In my own life one of the most powerful phrases ever spoken into it was the phrase, "God loves you."
In the days of the Jesus People, the days when I realized I had spiritual needs that could only be fully met by getting to know God and his son Jesus, "God loves you." pretty much replaced, "Hi! How are you?" as the standard social greeting.
Unfortunately, over the subsequent decades the power behind those words has been diluted through over use, or by losing opportunities to take the meaning behind that phrase to a deeper level of conversation. For people suffering from depression the response to that phrase is likely to be along the lines of, "So what?", or "Whoopee for him.", or "Tell someone who cares."
My husband and I are attempting to get more deeply into what the fact of God's love is supposed to mean in the lives of the people we often meet who are suffering from clinical depression and whose responses would be similar to the ones above. Often depression can be caused, or at least exacerbated by, a loss of a sense of life's purpose. If life is meaningless to someone, the fact that God loves them doesn't necessarily matter much any more.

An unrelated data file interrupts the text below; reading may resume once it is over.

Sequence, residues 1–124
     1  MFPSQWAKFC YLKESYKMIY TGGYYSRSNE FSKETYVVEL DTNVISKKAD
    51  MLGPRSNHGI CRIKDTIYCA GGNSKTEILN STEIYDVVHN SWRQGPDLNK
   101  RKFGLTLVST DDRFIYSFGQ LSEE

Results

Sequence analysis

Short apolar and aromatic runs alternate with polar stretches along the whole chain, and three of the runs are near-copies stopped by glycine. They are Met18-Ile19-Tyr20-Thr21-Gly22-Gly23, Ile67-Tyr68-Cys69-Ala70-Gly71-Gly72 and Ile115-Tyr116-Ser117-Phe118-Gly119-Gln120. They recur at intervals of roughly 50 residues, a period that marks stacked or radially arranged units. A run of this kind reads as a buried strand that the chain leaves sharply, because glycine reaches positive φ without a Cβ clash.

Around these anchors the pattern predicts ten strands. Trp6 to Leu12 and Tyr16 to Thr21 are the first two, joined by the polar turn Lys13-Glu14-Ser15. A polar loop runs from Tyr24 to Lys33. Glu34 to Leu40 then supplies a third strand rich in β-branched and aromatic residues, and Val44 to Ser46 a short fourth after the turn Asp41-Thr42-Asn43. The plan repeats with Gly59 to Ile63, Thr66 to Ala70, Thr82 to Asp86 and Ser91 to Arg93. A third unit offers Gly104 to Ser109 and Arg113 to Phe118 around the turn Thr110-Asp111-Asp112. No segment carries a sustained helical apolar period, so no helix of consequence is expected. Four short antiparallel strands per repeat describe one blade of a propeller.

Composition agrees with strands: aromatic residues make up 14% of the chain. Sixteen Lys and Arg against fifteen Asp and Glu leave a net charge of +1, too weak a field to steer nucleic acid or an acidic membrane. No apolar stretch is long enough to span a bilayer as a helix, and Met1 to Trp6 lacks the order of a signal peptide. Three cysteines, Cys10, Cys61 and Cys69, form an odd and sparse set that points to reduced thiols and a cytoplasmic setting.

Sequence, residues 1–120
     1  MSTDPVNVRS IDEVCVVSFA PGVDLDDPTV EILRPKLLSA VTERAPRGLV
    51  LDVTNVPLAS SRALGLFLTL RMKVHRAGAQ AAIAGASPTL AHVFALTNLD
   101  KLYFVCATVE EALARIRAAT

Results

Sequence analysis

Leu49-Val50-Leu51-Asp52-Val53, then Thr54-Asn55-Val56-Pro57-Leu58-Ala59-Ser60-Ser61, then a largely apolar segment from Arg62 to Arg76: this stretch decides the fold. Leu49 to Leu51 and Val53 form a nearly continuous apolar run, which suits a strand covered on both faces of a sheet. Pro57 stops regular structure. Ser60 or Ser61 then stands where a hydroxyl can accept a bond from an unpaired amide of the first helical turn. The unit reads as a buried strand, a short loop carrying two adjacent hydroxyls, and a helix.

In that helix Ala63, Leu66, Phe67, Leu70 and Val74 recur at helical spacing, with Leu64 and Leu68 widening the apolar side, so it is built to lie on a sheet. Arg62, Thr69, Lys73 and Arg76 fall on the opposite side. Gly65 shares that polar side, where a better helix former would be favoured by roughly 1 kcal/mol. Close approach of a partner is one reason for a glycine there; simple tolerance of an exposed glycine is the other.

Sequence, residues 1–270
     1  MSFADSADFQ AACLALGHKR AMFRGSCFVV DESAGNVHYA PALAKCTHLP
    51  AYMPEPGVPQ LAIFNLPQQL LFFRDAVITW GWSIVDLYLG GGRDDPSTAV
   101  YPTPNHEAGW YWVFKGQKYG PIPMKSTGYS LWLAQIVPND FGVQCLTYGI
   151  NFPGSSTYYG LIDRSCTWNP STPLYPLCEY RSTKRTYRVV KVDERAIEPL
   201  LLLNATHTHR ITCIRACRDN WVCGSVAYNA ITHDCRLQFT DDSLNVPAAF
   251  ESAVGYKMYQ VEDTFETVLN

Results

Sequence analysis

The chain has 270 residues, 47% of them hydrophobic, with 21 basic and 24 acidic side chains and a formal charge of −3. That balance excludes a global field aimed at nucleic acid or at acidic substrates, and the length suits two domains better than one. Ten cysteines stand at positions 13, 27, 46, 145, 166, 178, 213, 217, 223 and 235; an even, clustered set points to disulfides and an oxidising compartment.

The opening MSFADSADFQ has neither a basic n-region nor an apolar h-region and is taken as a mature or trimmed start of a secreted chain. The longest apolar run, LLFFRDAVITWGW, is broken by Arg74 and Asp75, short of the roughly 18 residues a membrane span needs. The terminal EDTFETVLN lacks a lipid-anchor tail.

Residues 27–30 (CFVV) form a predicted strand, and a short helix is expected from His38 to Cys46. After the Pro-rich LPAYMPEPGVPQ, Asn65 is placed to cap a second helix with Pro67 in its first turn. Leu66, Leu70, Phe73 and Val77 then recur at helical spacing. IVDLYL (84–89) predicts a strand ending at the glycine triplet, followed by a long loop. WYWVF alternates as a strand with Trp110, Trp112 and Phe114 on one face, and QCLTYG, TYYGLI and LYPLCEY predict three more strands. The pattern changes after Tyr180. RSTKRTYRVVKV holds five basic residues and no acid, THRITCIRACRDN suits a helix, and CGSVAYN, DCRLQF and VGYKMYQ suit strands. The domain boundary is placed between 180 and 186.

We have dropped that particular phrase more often than not from our own opening greetings with people who specifically want to talk to us about their depression issues. When talking about God gets going, we are now more likely to talk about God having a purpose for their lives because he loves them and so, what are THEY going to do about that? Yes, God loves them, but their life in God doesn't begin and end with what God has done to reach out to them. Christianity is an interactive faith. God's love provides a basis for action, for discovering life purposes that call for his followers to share that love by helping others....actions that take some focus off our own despair and start us down a path to joyfully helping people in even greater need than ourselves.
The outworkings of the discovery that God's love gives us purpose and life direction that can help us deal more effectively with our own problems in the process can be complicated, they can take time to break through our depression and sense of meaninglessness, but they are worth exploring. Life can and does have meaning and purpose when it is centered around the kingdom of our loving Heavenly Father.